Greenland is Danish, isn’t it? The answer to this question is not as simple as it seems. Although still under Danish sovereignty, Greenland has been granted a high degree of autonomy including self-rule. One sign of Greenland’s autonomy is Erfalasorput, Greenland’s flag of red and white. This standard is now celebrating its 30th birthday.

The national flag of Greenland is an important symbol for Greenlanders and helps to develop their national identity. This is important for a country, which had been under Danish rule for more a long time. Picture: Arctic Journal
The national flag of Greenland is an important symbol for Greenlanders and helps to develop their national identity. This is important for a country, which had been under Danish rule for more a long time. Picture: Arctic Journal

Unlike Denmark and the other Nordic countries, which all feature a cross, Erfalasorput, adopted on Ullortuneq, the national day in 1985, is unique in the region, in that it features a round circle representing the sun. Thue Christensen, the artist who submitted the flag after several previous designs, all versions of the Dannebrog were passed over, described the design as reminiscent of the setting sun half-submerged below the horizon and reflected on the sea. In his design, the white semicircle symbolizes icebergs and pack ice, while the white field represents Greenland’s glaciers and ice cap. The red field symbolizes the ocean.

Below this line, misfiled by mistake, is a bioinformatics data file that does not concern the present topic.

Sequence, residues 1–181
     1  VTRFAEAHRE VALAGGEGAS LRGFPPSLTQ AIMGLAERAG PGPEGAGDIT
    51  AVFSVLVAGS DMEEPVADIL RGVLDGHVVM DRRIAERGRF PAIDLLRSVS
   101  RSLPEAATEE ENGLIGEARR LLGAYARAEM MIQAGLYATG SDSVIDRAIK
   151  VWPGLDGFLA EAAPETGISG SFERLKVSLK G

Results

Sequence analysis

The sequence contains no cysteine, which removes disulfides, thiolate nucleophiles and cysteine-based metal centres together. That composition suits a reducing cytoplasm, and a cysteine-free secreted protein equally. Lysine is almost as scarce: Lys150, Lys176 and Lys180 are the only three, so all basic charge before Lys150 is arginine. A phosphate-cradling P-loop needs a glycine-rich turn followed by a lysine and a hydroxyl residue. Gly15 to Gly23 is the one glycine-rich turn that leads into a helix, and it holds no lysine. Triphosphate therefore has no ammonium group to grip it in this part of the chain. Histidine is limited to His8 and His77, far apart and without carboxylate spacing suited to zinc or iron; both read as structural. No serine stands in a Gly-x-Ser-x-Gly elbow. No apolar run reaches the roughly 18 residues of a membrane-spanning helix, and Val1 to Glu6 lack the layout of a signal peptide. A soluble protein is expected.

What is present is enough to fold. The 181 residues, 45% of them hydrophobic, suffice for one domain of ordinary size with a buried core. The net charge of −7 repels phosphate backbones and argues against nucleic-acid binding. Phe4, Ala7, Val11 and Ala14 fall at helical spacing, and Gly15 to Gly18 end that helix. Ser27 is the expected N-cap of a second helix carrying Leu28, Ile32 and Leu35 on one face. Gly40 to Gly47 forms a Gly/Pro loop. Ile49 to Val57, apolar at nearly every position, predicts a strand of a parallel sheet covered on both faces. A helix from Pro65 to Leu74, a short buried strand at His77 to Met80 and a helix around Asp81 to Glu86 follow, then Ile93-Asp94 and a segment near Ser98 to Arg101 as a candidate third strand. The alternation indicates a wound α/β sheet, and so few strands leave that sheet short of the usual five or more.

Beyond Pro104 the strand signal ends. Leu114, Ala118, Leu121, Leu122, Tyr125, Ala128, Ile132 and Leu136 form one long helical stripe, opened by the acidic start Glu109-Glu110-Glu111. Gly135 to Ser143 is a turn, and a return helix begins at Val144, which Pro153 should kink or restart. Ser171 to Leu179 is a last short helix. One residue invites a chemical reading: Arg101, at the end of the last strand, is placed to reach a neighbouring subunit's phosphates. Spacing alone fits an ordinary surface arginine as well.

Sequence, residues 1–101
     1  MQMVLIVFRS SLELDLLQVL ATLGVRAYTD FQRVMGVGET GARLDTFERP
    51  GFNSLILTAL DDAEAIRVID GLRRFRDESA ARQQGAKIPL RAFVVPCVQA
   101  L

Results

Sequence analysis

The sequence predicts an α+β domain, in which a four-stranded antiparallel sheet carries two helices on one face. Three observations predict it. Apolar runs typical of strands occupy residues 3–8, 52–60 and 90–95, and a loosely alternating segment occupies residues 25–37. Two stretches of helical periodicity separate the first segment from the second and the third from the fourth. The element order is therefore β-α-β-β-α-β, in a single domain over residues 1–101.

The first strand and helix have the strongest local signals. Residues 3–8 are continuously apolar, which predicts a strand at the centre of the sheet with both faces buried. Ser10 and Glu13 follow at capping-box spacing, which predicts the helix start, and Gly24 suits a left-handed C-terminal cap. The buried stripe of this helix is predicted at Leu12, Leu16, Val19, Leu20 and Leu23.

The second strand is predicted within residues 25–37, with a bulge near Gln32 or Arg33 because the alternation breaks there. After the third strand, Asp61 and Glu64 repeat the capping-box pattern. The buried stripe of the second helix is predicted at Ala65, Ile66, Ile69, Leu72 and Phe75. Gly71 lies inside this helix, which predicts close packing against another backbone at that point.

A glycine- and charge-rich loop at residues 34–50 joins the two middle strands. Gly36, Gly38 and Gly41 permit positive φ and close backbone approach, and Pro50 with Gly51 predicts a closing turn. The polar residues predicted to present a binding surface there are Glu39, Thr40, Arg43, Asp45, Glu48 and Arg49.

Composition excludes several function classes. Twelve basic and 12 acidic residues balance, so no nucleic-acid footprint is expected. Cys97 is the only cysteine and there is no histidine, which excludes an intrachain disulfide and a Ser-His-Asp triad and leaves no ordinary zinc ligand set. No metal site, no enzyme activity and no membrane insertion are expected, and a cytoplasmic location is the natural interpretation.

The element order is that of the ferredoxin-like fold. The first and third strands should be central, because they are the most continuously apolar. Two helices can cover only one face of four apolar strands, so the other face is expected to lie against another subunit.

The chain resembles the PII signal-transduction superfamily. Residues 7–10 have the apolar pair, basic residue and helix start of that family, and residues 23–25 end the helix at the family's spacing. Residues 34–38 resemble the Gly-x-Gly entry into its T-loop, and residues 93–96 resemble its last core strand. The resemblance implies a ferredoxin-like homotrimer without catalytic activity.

The original proposals were a reminiscent of the Nordic flags and a tie to the Danish state. Due to the history of Greenland, however, an independent and more representative symbol was chosen.
The original proposals were a reminiscent of the Nordic flags and a tie to the Danish state. Due to the history of Greenland, however, an independent and more representative symbol was chosen.

Greenland was granted home rule in 1979, which devolved administration over domestic affairs to the former colony, which by then had the status of a Danish county. In 2009, it was granted self-rule, an arrangement that, among other details, recognizes its right to declare independence. And while Greenlanders have swapped out both the Dannebrog much of the Danish administration of their country, they have not given up many of the traditions associated with the Danish flag, including using it to it decorate on birthdays, holidays and other festive occasions.

Still, the flag, and its significance, have come to mean something entirely different to Greenlanders than the Dannebrog, according to Kim Kielsen, the premier. “For the new generations that are growing up now, Erfalasorput is as much a part of Greenlandic culture as our language and our traditions,” Mr Kielsen said in a statement. “For those of us who were born in a different era, Erfalasorput has had an enormous impact as a symbol of our path towards a Greenland that can stand on its own two feet.” It is a path that may well see Greenland’s people marching off into sunset envisioned by Mr Christensen.

Source: The Arctic Journal, www.arcticjournal.com